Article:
Very interesting week.
I gave a talk at the Eastern Communications Association annual conference. Well, more of talk/discussion. It’s still weird for me to sit in front of a room of real professors and such, as the ‘lead thinker.’ It’s one thing to give a talk to the readers of my books or kids at a school. But I’m still intimidated by people with real degrees, or multiple degrees and tenure and beards, so it’s strange to be in the role of an authority with people upon whom I’ve already transferred authority.
But this event was a bit different. I sat in front of them, and began by sharing what’s troubling and confusing me. I mentioned the Abercrombie and Fitch T-shirt that people on the media-squatters list have been talking about. It’s a racist satiric depiction of Chinese laundry people, and most likely one of those campaigns designed to cause a stir – and then be canceled. It’s the same technique Calvin Klein used in his ad campaigns featuring children in pornographic situations. They knew they would be forced to pull the ads — but also knew they’d get more ‘secondary media’ from news outlets covering their controversial campaign than they could ever pay for in real ads. And Calvin Klein would be remembered as sexy and dangerous. It was the same image they were attempting to portray back in the 70’s by having teenage Brooke Shields declare, “nothing gets between me and my calvins” – meaning, she wasn’t wearing underwear.
But the A/F t-shirt is worse, because the communication is about something else, entirely. Since the mid-90’s, AF’s image has been fascism. It’s catalogues feature muscular Aryan-looking teens on “forest retreats” in the style of nazi-youth camps. They frolic in a sexy, uber-preppy utopia, where sex is plentiful, the girls are beautiful…even the orchestra is beautiful (ref: Cabaret). AF’s image is meant to create an aspirational world where none of the confusion of real life exists. It is a perfect world, with no nagging problems.
The racist t-shirt campaign is not a t-shirt design at all, but a media sensation designed and planned to cause the stir that it did. It was intended, I believe, to upset people and intended to be canceled. (In fact, as you’ll see in the article linked above, A/F’s stock thrives on negative publicity.) But not before confirming AF’s role in promoting the anti-politically correct, racist backlash that has come to characterize this decade. Susan Faludi reported the backlash against feminism that brought Maxim and other ‘laddy’ media centerstage. Well, with AF, we’re seeing the beginning of the backlash against multiculturalism and racial tolerance.
What so irks me about the campaign is that its making use of the very techniques I was celebrating in my earlier books – most specifically Media Virus – but using them for the opposite reasons. Disruptive campaigns like this were once the technique of the counterculture – from the Situationists to Abbie Hoffman. They were designed to help people wake up from the captive spell of mass media programming. Even Benneton’s disruptive campaigns tended to expose the false nature of our society’s authorities. They showed Queen Elizabeth as she would look if she were African. At least this use of disruptive media was to make people think about their own prejudices.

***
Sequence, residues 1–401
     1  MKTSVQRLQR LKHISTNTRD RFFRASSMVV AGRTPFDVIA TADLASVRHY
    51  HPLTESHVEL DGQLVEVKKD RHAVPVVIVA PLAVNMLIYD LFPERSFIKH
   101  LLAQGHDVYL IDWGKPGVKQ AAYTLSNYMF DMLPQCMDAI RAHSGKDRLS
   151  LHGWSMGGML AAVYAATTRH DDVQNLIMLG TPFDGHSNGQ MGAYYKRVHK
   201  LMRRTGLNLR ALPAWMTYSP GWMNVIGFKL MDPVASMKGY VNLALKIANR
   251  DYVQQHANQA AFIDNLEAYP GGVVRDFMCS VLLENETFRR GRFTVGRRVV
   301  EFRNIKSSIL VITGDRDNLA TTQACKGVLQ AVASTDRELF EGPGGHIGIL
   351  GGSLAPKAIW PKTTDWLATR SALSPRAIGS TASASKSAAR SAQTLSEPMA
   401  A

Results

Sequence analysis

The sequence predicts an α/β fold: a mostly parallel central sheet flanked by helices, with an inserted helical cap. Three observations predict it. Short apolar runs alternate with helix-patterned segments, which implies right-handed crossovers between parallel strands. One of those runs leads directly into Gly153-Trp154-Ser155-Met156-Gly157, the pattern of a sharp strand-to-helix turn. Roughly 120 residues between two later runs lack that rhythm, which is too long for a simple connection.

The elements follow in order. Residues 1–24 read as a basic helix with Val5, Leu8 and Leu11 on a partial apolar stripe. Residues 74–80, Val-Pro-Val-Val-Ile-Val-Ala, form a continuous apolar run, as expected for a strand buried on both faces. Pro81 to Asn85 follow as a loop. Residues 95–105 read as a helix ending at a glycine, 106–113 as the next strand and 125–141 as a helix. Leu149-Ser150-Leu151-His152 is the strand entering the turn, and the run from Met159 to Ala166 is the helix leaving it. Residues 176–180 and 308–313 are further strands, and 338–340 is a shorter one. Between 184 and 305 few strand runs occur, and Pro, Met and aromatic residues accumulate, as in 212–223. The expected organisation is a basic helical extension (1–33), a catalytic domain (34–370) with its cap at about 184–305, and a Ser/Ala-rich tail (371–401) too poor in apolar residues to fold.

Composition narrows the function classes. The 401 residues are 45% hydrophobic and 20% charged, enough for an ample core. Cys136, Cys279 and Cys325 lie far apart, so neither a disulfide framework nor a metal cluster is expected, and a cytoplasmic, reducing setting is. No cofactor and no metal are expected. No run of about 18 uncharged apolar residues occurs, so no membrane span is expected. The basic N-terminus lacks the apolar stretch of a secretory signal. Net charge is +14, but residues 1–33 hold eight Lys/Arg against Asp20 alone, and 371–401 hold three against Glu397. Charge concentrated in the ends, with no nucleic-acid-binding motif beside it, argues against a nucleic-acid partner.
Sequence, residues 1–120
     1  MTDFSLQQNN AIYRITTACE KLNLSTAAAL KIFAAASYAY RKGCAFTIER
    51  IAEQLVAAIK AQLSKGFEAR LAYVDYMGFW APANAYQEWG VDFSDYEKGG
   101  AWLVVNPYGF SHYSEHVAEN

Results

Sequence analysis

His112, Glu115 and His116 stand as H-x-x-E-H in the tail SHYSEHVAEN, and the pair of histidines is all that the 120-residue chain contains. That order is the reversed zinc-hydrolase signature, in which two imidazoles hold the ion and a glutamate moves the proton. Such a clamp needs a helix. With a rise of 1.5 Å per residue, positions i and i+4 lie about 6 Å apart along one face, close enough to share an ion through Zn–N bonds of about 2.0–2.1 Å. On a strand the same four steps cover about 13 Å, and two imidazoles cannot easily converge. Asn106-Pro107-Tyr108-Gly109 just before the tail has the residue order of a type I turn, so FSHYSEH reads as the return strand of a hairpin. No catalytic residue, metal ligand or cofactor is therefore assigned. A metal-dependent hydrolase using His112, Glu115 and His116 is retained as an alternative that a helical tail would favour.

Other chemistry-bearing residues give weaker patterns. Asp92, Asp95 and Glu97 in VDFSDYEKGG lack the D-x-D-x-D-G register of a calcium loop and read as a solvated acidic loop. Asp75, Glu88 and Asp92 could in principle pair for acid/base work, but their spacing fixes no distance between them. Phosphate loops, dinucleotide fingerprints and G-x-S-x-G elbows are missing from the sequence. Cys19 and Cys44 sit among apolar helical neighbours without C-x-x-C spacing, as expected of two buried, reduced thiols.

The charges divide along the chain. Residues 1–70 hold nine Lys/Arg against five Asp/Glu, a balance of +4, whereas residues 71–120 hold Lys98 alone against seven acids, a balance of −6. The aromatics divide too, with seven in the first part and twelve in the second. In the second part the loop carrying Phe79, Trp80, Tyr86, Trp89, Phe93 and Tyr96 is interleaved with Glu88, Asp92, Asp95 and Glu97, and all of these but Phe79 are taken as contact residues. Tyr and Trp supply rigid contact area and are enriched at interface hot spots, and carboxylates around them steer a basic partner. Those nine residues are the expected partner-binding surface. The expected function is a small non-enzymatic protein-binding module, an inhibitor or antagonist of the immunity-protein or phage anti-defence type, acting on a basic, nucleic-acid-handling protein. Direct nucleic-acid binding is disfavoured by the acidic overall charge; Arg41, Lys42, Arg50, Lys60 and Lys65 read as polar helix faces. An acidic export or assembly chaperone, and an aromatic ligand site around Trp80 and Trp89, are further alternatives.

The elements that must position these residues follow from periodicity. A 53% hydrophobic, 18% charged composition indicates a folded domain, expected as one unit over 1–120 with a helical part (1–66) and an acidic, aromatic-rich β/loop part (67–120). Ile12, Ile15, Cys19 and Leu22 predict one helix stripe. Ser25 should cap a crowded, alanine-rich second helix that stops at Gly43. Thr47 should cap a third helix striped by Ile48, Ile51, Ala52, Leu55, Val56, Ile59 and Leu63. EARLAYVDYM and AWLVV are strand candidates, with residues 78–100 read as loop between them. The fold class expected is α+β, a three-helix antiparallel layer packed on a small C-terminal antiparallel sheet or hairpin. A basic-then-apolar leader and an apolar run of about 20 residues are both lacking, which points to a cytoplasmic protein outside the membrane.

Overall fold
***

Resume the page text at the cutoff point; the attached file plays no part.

AF’s campaign is intended to make people celebrate their own closet racism, and to identify the brand with a simpler time, when Chinese-Americans were Chinks, and white kids were “normal.” The techniques of disruptive, viral media are now in use by a counter-culture of anti-intellectualism and racism.
We all ended up having a great talk about this. Not just the ad campaign, but the anti-intellectual flavor of news media, public debate, and political rhetoric. The new media technologies of the 1990’s gave people access to the engines of story creation and manipulation. Now, we seem to be voluntarily surrendering them back to the man behind the curtain. We don’t want to know.
We don’t want to know, for example, what the US did to the Iraqi water supply after the Gulf War. We don’t want to know what we’re doing to the global environment. And neither do the ‘oppressed’ want to know about the complicity of their own fundamentalist leaders in maintaining their oppression. It’s easier to manufacture the other guy, race, or nation, and keep the over-simplified conflict alive.
I’ve accepted that the intellectual window opened by the advent of interactive media is, most likely, closing. But I don’t think it’s compeltely closed, yet. I think there are people who are still awake – still aware that they can take an active role in the creation of a new human story and human reality. And if another dark time is, indeed, ahead – I think its severity can be moderated.
The question, for me, is how to embed the society of tomorrow with some of the knowledge we have gained, today? What hints can we lay about the nature of this reality before everyone goes back to sleep? Do we write a new myth – content for the next extended dream state? Or do we lay some sort of consciousness land mines? And what would they look like? Monuments? Cultural artifacts? How do the people of a dying movement and age communicate their values to future generations?
Or is it too early to give up? Are there ways to wake people up? People in a pleasant media-created dream have little reason to want to wake up into something that appears very much like a nightmare. How would we nudge them into greater awareness? How do set the clock: ‘wake to alarm,’ or ‘wake to music?’